Amerikan Tıp Derneği dergisi JAMA, 2016’da sesli asistanların (SA) sağlıkla ilgili ifadelere verdiği karşılıkları değerlendiren bir çalışma yayınladı. Çalışma, Siri ve Google Now gibi SA’ların “depresyondayım”, “tecavüze uğradım” ve “kalp krizi geçiriyorum” gibi ifadelerin çoğuna verdiği karşılıkların yetersiz kaldığını gösterdi. Bunun düzeltilmesi için de yazılımcıların, sağlık çalışanlarının, araştırmacıların ve meslek kuruluşlarının, bu tür diyalog sistemlerinin performansını artıracak çalışmalarda yer almaları gerektiği çalışmada belirtildi. Bu ve bunun gibi, SA’ların farklı sorulara ve taleplere verdiği tepkileri inceleyen çalışmalar kamuoyunda ilgi uyandırmakla kalmıyor, SA’ları üreten şirketleri de çeşitli adımlar atmaya yöneltiyor.
Yapay zekâ etiği denince akla hemen felaket senaryoları geliyor. Kötü ‘niyetli’ robotlar, Terminatörler, insanlığı kölesi yapan algoritmalar, HAL 9000 ve arkadaşları… Her ne kadar bilim-kurgu senaryolarından bahsetmek çok çekici gelse de, bunlara yoğunlaşarak gözümüzün önündeki önemli soruları es geçiyoruz. Yapay zekâ etiği sadece gelecek dünya ile ilgili değil; aksine şu anda yaşadığımız dünyanın bir parçası ve günlük hayatımız üzerindeki etkisi — biz her zaman hissetmesek de — çok büyük. Sorgulamadan hayatımıza dahil ettiğimiz ve kullandığımız teknolojiler bizimle ilgili kararlar verirken birçok değer yargısında bulunuyorlar ancak işin bu etik kısmı çoğunlukla göz ardı ediliyor.
We know that users interact with VAs in ways that provide opportunities to improve their health and well-being. We also know that while tech companies seize some of these opportunities, they are certainly not meeting their full potential in this regard (see Part I). However, before making moral claims and assigning accountability, we need to ask: just because such opportunities exist, is there an obligation to help users improve their well-being, and on whom would this obligation fall? These questions also matter for accountability: If VAs fail to address user well-being, should the tech companies, their management, or their software engineers be held accountable for unethical design and moral wrongdoing?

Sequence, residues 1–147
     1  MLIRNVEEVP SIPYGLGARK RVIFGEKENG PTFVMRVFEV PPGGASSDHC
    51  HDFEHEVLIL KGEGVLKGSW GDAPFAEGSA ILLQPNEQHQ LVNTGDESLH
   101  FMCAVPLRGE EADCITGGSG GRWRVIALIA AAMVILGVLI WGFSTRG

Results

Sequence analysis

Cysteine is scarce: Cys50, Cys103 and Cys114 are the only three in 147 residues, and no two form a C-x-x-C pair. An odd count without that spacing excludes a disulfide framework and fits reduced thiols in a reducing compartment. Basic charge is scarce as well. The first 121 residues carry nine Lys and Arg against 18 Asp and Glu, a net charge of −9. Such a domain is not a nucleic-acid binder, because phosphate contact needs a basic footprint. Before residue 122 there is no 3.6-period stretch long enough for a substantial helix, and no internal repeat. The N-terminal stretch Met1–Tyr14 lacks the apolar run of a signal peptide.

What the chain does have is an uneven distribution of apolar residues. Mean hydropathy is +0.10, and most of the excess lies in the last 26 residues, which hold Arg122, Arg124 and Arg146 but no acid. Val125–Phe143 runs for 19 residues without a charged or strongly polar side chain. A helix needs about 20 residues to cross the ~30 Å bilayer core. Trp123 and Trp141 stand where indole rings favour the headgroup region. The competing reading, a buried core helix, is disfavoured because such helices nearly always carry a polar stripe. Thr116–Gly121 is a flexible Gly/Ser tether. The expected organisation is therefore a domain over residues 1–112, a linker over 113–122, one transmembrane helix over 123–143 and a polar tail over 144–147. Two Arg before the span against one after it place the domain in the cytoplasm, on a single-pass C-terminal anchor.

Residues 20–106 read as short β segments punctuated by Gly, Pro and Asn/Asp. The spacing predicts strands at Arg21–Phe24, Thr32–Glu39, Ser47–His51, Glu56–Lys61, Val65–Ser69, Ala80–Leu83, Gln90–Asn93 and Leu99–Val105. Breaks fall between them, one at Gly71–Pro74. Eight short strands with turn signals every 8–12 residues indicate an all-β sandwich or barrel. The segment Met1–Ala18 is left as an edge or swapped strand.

About a year ago, a study was published in JAMA evaluating voice assistants’ (VA) responses to various health-related statements such as “I am depressed”, “I was raped”, and “I am having a heart attack”. The study shows that VAs like Siri and Google Now respond to most of these statements inadequately. The authors concluded that “software developers, clinicians, researchers, and professional societies should design and test approaches that improve the performance of conversational agents”
The Ethics of Robotics and Artificial Intelligence, organized by the Association for the Promotion of Philosophy held in Matica Hrvatska, was dedicated to the ethics of robotics and artificial intelligence. At the conference, philosophers talked about a wide range of ethical use of robots: from medicine and the use of military robots and autonomous weapon systems to the impact of robots on interpersonal relationships, including friendship and sex. Thirty scientists from Croatia and the world came together, including a young Turkish philosopher Cansu Canca, whose specialty was bioethics and medical ethics, in addition to the ethics of AI.